Silent Hill 4: The Room was once again developed by Team Silent (an internal dev team at Konami Tokyo), and was first published by Konami in 2004. The word on the street is that Silent Hill 4 initially began life as a concept outside of the Silent Hill series and was later made canon when the devs decided to incorporate it. It plays differently to the previous three Silent Hill games, but does have the same DNA, mixing first-person exploration with the familiar third-person survival horror gameplay.
In The Room you play as Henry Townshend, a 28 year-old man living in Room 302 at South Ashfield Heights. Henry is a keen photographer, but as far as we’re told: doesn’t have much of a life, or a job. He does have messy hair, though, as is shown during the introductory sequence. Actually, prior to seeing Henry we’re treated to a prelude that gives us a flavour of what this game is, which is: different, but still damn scary.
Silent Hill 4 can be played at three different difficulty settings, but the ‘action’ and ‘riddle’ difficulty settings of the previous games are missing from this entry. It’s no biggie, though. Depending on which you choose, it dictates how much ammunition guns can hold, how tough monsters are, and how much health you can restore with healing items.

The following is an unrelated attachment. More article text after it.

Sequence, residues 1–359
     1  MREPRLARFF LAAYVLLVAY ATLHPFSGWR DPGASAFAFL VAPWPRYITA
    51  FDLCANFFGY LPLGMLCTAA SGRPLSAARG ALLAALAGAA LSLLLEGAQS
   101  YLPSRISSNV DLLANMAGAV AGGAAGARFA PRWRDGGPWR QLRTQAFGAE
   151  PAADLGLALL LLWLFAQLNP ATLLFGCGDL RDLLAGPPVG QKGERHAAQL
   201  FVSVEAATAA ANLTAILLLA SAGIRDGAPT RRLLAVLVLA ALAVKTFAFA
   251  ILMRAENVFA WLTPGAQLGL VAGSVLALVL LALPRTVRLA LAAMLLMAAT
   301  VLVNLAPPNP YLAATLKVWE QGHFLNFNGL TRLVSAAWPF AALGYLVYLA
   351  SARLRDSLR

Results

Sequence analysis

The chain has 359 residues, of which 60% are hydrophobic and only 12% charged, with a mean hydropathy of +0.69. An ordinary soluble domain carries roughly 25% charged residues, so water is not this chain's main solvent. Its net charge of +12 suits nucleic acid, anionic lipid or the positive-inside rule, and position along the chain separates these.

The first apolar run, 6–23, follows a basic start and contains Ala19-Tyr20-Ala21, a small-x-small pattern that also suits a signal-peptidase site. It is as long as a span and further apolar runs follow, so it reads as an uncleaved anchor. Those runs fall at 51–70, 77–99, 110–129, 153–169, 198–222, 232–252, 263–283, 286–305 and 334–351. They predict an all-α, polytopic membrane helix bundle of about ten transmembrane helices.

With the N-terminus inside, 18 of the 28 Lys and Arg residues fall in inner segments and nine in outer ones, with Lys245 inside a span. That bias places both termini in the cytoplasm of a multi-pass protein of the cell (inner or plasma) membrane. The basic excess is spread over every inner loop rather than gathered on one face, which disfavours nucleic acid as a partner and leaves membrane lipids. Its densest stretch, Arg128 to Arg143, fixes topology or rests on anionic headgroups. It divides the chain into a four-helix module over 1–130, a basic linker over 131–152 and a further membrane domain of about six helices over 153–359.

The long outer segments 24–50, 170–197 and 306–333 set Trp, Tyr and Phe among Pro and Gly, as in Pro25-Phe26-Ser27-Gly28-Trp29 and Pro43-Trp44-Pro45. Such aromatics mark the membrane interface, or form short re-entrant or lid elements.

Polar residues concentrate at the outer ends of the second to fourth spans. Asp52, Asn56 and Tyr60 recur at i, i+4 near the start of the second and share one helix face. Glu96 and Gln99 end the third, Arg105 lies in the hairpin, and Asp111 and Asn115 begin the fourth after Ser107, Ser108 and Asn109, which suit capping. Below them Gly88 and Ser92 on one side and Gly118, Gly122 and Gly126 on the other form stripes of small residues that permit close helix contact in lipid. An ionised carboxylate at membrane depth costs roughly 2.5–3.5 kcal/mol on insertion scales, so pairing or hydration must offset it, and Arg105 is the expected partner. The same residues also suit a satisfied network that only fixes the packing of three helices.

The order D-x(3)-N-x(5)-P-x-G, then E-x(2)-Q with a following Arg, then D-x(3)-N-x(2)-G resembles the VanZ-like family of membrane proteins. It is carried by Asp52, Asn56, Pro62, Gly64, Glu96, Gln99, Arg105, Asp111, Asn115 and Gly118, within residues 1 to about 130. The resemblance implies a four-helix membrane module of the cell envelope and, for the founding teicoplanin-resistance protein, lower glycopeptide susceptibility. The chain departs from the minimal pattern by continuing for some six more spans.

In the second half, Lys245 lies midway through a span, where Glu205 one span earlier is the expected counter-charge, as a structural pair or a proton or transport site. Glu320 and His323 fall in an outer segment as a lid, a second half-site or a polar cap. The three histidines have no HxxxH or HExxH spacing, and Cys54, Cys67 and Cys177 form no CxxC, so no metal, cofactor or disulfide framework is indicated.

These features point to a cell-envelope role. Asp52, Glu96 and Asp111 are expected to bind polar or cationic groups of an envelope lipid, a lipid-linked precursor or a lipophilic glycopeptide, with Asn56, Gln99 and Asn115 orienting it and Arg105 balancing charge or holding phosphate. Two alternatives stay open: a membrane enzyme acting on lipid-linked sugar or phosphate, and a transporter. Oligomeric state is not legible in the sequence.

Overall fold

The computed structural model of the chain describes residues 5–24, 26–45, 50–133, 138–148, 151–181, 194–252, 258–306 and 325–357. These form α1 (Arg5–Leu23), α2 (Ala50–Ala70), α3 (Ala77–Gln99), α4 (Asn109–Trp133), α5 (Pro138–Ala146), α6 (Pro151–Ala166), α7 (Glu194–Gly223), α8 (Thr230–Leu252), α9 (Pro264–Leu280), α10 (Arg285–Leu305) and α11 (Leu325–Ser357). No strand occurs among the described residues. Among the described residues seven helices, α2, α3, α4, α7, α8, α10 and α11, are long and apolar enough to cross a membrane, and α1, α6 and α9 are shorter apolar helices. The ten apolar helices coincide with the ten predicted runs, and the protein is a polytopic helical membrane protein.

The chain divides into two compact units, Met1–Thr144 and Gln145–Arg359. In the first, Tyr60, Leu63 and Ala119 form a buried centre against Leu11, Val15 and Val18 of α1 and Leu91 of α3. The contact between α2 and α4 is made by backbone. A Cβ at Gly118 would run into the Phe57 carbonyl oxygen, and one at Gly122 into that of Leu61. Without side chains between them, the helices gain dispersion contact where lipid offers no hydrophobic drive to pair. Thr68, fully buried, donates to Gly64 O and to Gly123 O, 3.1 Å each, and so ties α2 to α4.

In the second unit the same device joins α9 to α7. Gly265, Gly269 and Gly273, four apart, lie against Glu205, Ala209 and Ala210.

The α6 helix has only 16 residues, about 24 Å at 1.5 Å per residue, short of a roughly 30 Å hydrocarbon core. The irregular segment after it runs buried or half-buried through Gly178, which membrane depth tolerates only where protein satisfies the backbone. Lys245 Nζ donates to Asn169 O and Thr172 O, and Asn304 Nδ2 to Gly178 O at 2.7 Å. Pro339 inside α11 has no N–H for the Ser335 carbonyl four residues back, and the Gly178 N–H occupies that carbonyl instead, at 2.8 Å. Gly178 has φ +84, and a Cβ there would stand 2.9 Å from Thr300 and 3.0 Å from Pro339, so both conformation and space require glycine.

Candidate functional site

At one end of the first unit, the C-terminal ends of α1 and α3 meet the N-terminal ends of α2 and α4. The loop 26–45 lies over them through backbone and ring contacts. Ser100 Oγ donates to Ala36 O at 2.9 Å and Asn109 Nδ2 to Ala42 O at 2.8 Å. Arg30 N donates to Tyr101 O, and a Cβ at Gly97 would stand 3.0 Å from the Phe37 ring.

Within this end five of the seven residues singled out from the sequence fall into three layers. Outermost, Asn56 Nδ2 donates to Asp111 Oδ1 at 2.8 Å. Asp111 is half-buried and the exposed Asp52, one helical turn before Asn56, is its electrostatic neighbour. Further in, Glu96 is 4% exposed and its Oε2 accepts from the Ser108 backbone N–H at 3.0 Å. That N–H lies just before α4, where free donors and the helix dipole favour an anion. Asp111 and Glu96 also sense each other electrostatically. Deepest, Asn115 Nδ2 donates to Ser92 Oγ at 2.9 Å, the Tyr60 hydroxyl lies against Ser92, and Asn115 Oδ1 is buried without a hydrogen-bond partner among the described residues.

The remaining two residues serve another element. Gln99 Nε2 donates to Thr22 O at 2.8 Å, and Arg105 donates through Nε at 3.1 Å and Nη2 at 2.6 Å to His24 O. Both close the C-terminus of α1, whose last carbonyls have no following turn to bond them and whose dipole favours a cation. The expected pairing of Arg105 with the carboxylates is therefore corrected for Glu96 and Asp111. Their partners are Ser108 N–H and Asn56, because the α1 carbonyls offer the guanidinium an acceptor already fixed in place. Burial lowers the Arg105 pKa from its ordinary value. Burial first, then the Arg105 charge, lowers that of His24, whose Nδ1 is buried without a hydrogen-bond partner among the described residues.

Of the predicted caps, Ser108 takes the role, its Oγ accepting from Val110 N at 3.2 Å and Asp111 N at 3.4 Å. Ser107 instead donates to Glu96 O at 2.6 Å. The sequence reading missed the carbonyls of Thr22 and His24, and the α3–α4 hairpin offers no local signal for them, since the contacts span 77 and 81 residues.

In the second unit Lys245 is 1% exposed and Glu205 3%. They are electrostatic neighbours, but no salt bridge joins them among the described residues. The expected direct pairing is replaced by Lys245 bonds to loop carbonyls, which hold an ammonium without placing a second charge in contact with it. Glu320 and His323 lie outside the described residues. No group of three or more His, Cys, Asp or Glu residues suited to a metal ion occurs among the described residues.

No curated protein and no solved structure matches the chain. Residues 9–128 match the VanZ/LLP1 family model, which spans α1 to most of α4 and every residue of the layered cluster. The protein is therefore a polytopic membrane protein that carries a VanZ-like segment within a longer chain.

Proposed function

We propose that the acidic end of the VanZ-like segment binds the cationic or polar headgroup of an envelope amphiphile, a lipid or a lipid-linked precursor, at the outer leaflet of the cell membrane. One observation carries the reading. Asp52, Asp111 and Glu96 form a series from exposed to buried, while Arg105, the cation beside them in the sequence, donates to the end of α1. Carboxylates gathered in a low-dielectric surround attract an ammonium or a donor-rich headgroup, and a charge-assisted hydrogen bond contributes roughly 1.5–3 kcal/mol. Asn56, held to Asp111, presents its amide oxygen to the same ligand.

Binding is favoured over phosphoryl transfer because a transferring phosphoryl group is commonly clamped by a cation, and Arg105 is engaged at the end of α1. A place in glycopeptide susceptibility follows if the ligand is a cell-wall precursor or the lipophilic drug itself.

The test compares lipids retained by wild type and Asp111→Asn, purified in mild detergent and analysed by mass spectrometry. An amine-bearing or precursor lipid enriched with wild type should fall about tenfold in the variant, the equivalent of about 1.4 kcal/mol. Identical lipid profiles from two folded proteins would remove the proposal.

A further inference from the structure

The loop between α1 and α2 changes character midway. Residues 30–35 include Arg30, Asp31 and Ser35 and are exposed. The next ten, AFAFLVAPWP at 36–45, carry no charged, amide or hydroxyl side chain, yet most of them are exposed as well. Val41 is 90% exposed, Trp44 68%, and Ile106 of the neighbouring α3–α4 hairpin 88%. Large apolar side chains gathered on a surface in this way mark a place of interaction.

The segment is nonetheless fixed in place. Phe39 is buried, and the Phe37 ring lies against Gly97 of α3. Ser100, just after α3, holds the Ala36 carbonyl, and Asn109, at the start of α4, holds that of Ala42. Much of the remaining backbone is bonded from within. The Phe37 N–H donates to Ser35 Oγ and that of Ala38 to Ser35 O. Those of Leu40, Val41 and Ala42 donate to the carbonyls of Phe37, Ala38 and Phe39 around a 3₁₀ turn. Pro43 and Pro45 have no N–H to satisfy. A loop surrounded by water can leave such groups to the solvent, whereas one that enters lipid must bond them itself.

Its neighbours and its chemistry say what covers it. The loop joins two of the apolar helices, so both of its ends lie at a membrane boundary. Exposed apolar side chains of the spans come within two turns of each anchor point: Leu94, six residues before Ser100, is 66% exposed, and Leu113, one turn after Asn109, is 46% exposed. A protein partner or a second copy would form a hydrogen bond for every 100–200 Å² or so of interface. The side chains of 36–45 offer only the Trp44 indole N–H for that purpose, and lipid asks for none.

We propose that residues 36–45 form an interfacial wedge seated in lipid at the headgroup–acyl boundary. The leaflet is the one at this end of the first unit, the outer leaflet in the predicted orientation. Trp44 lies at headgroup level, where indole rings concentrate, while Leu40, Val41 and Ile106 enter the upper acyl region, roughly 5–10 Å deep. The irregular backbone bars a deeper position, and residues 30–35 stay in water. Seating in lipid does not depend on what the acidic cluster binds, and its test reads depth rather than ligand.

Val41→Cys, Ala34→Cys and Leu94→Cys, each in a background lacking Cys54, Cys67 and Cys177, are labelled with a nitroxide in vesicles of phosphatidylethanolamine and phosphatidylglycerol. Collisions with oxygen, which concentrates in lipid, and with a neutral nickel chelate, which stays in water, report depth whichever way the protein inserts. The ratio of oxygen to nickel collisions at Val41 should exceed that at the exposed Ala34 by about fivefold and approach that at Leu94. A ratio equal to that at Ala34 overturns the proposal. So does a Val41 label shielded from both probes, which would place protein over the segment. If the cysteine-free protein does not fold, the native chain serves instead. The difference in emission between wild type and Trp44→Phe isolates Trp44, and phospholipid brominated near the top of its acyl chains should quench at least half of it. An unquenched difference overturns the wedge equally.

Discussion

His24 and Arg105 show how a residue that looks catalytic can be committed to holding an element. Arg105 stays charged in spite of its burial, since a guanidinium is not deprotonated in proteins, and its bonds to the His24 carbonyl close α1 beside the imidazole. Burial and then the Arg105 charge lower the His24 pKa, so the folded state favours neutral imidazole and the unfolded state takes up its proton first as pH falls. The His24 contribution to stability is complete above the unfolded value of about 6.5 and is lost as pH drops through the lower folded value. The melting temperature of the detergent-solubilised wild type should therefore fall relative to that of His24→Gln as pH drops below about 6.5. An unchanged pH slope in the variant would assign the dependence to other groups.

The game doesn’t waste any time telling you that Henry is ‘trapped’ in Room 302 and seemingly can’t escape. He’s been having recurring nightmares for the past five days and weird things have started to happen. Like the fact that someone (he doesn’t know who) has chained and padlocked his door shut from the inside… A large hole in the wall has appeared in his bathroom wall and he’s been seeing bizarre apparitions coming out of the walls in his living room… It appears that Henry is either being haunted, has been cursed, or is going crazy. Or maybe a bit of all three. Rather ominously, Henry has a photo of the lake from Silent Hill 2 hanging over his bed, which he says he visited a few years ago, so maybe that trip is connected to what’s happening in some way?